NI: Public Prosecution Service rejects bias allegations

Sir Gerald Howarth, MP for Aldershot
Sir Gerald Howarth, MP for Aldershot

The Public Prosecution Service for Northern Ireland (PPS) has firmly rejected accusations of bias made by a Conservative MP.

Sir Gerald Howarth, MP for Aldershot, used parliamentary privilege to fire a shot at what he called “the Sinn Féin-supporting Director of Public Prosecutions for Northern Ireland” during a debate on Northern Ireland.

He claimed that the PPS had pre-emptively threatened newsdesks with legal action if they questioned its impartiality.

Sir Gerald also called on Northern Ireland Secretary James Brokenshire to “protect the interests of former British soldiers” who are facing prosecution for murders during The Troubles.

Mr Brokenshire, responding, said he did have “some concerns about imbalance within the system, which is why I believe it is right that we move forward with the Stormont House agreement and the legacy bodies that are set up there”.

However, he added: “I will not comment on any individual decisions. Indeed, justice is devolved in Northern Ireland. It is independent, and has its own processes that remain in place in an independent way.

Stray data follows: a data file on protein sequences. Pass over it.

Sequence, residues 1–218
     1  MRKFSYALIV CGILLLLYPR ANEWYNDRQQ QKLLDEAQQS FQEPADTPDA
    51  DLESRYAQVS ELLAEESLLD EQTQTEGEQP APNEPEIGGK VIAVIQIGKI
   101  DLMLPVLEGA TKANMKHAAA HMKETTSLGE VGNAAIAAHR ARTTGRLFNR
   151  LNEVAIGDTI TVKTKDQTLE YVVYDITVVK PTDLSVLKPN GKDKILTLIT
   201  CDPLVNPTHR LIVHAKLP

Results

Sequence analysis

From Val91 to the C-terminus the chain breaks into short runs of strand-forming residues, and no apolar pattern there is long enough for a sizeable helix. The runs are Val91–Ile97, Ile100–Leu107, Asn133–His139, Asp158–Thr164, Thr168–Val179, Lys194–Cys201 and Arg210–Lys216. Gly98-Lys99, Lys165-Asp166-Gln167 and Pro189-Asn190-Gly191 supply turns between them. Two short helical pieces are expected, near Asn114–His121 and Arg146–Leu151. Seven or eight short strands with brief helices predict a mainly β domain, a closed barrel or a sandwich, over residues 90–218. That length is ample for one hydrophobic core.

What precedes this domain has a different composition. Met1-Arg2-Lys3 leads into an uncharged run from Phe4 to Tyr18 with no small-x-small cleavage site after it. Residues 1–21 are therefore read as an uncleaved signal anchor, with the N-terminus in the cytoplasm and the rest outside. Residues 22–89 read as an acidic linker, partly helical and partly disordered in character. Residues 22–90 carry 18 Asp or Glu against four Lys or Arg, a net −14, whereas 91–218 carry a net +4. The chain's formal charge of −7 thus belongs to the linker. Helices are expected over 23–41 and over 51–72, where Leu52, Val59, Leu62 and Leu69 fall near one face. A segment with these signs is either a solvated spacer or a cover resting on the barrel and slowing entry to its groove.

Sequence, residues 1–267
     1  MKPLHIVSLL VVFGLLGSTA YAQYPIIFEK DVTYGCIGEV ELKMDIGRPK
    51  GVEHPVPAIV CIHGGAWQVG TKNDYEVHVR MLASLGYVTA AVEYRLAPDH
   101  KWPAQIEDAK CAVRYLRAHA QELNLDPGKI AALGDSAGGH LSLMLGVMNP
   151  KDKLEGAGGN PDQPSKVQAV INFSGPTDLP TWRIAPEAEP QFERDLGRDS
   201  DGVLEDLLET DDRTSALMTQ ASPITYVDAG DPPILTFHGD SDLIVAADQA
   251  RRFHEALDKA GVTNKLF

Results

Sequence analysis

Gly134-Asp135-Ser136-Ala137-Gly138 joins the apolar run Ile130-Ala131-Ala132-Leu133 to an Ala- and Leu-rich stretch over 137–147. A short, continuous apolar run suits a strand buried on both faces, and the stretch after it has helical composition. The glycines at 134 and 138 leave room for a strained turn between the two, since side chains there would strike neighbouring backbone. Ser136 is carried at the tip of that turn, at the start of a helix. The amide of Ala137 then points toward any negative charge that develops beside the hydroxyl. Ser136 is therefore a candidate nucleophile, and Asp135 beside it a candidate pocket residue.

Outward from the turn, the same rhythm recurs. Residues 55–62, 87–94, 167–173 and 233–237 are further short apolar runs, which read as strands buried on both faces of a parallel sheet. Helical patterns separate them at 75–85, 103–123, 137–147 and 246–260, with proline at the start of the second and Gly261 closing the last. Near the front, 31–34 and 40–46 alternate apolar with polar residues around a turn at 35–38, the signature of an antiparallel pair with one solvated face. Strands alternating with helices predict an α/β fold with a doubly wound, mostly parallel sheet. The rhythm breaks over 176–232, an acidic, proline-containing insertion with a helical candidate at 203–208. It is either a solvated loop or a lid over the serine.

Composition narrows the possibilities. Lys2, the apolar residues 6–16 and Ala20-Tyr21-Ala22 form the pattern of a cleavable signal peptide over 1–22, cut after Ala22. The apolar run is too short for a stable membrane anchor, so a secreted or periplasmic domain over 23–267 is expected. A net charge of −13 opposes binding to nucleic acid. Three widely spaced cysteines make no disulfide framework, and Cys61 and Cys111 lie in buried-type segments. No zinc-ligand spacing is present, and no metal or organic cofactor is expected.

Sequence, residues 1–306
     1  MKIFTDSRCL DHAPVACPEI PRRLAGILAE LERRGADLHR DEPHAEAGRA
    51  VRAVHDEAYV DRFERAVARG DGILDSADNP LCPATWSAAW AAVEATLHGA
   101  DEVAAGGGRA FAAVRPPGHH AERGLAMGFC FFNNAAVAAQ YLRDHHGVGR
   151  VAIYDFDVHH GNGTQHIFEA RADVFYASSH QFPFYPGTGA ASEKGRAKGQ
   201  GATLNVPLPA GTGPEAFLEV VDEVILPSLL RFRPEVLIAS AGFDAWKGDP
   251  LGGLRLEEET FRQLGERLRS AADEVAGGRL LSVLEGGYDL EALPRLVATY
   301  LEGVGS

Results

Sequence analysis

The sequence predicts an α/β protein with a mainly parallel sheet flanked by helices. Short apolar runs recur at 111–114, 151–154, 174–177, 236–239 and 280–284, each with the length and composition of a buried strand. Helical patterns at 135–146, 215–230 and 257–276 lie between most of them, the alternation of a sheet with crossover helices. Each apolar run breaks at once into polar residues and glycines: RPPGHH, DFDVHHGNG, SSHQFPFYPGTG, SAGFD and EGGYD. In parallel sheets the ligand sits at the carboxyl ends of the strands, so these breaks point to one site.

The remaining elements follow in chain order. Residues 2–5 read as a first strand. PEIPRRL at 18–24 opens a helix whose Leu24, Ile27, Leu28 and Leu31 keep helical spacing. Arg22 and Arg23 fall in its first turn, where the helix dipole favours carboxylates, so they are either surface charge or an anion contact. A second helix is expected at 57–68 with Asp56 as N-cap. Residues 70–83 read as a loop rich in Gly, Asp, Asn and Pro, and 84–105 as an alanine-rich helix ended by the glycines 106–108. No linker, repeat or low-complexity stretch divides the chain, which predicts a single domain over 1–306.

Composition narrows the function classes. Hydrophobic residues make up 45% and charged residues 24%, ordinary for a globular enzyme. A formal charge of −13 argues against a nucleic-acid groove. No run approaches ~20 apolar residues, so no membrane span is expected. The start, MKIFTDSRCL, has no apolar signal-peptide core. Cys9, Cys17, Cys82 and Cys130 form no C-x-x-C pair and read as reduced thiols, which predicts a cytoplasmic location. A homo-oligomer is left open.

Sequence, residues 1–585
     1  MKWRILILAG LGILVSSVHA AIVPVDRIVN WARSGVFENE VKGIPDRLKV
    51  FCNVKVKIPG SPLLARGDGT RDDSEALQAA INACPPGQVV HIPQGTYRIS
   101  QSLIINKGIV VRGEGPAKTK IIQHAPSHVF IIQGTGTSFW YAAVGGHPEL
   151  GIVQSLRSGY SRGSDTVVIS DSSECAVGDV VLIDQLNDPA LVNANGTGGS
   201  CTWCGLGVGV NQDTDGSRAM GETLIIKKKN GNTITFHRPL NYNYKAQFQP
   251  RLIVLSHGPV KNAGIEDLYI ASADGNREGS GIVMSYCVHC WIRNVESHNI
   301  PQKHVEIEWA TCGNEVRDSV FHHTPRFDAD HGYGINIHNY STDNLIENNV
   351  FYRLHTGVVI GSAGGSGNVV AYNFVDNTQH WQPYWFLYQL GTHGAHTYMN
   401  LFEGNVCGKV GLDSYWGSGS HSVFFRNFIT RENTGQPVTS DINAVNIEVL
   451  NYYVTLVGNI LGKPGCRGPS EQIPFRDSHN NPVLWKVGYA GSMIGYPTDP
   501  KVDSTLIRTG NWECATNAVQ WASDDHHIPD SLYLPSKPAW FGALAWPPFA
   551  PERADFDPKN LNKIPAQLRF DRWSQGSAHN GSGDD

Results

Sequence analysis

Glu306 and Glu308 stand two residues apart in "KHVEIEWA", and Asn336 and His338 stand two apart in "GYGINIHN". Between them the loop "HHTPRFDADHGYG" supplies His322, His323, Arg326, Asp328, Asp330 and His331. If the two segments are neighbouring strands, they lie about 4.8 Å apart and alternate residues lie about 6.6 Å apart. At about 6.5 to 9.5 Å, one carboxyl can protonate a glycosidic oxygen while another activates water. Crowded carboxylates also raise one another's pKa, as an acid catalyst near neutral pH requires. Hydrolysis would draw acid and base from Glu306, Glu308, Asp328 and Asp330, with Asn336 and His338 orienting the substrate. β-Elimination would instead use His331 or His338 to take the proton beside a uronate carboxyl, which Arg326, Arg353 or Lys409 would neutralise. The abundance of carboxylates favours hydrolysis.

“I hear clearly his very general and very firm point on balance within the overall system, which is something that I am very keen to address.”

Responding to the comments, a spokesperson for the PPS said: “The Public Prosecution Service in Northern Ireland is wholly independent of all political parties and the political system. As such, we would never seek to influence political debate on any subject in any way.

“Equally, we must take all appropriate steps to ensure that our decision-making processes are protected from political influence from any source.

“This is necessary both to safeguard the integrity of prosecutorial decision making within the wider criminal justice system and to ensure that PPS staff are able to carry out difficult but important functions strictly in accordance with applicable law and the code for prosecutors.

“We are aware of Mr Howarth’s political viewpoint in relation to the prosecution of cases involving soldiers, which is not enshrined in law in the UK.

“The Public Prosecution Service only applies the law as it currently stands in Northern Ireland and does so without fear, favour or prejudice.”

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